The archaeological remains of the grubenhaus excavated at New Bewick consisted of a sub-rectangular pit dug into sand and measuring approximately 4.7 m in length, 3.9 m in width, and 0.5 m in depth.
The pit was oriented North-South, and its edges appeared irregular only when affected by soil erosion. Apart from that, the edges were sharp. The sides of the pit were steep and its bottom surface was flat. On this surface, two post holes were placed in the middle of the short sides, against their edges. The post hole to the South was double and its depth reached 0.95 m, while the one to the North was single and 0.75 m deep. The archaeologists who directed the site’s excavation interpreted these irregularities as a result of later erosion in the western area of the pit rather than to a significantly asymmetrical design. Approximately 20 to 30 unfired and fired loomweights, ring-shaped and broken, were found inside the pit. They laid on a surface identified by the archaeologists as the possible level of use of the building, due to the presence of silty clay and charcoal patches. The grubenhaus seems to have been abandoned for a certain period and then demolished. The only other data about its elevation is constituted by fragments of daub from the demolition levels that filled the pit.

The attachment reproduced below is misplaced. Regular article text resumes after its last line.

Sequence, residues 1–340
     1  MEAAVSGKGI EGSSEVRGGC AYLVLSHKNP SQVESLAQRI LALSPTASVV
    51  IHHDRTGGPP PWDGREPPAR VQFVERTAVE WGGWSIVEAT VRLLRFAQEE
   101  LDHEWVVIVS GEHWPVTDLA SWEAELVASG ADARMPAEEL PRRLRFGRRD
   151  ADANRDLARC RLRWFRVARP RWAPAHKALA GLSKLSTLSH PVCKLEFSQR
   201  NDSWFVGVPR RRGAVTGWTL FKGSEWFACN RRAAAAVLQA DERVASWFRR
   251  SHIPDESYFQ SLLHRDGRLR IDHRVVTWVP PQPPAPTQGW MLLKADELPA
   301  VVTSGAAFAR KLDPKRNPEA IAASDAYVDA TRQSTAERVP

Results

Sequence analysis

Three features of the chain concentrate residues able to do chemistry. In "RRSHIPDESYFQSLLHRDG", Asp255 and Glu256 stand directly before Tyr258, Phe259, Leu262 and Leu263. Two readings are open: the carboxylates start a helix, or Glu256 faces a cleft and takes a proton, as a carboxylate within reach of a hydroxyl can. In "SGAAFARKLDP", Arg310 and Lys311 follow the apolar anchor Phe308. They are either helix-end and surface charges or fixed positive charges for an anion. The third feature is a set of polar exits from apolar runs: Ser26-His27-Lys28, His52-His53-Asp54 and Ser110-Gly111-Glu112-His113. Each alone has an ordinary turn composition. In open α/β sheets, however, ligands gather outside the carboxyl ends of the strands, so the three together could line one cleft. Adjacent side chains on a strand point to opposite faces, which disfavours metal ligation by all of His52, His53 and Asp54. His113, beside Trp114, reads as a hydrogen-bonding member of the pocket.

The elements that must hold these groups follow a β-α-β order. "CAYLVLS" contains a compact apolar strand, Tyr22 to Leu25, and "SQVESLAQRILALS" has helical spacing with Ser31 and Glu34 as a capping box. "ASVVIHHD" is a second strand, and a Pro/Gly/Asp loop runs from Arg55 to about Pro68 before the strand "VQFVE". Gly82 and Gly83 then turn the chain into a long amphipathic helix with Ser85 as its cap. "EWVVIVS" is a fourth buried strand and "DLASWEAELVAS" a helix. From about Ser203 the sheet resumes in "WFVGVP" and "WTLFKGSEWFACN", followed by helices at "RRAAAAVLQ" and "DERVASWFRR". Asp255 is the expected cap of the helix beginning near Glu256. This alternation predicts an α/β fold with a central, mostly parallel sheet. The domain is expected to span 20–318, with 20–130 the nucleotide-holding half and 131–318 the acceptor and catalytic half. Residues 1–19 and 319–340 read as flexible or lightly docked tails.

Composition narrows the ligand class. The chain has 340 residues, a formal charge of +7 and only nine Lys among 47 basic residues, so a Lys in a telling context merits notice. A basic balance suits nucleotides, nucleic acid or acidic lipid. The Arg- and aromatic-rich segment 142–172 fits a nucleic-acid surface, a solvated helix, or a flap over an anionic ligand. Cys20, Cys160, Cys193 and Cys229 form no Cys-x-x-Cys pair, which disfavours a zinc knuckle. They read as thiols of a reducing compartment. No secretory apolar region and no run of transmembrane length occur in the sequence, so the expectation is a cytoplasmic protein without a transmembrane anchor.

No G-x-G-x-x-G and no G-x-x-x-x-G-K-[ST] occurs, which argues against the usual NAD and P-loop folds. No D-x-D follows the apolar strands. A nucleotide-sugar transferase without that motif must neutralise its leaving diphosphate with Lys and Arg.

Three pits, possibly pot-holes, were found to the South-West of the grubenhaus, and another one to its North. Bigger pits, of which two were connected by a gully, were identified to the West.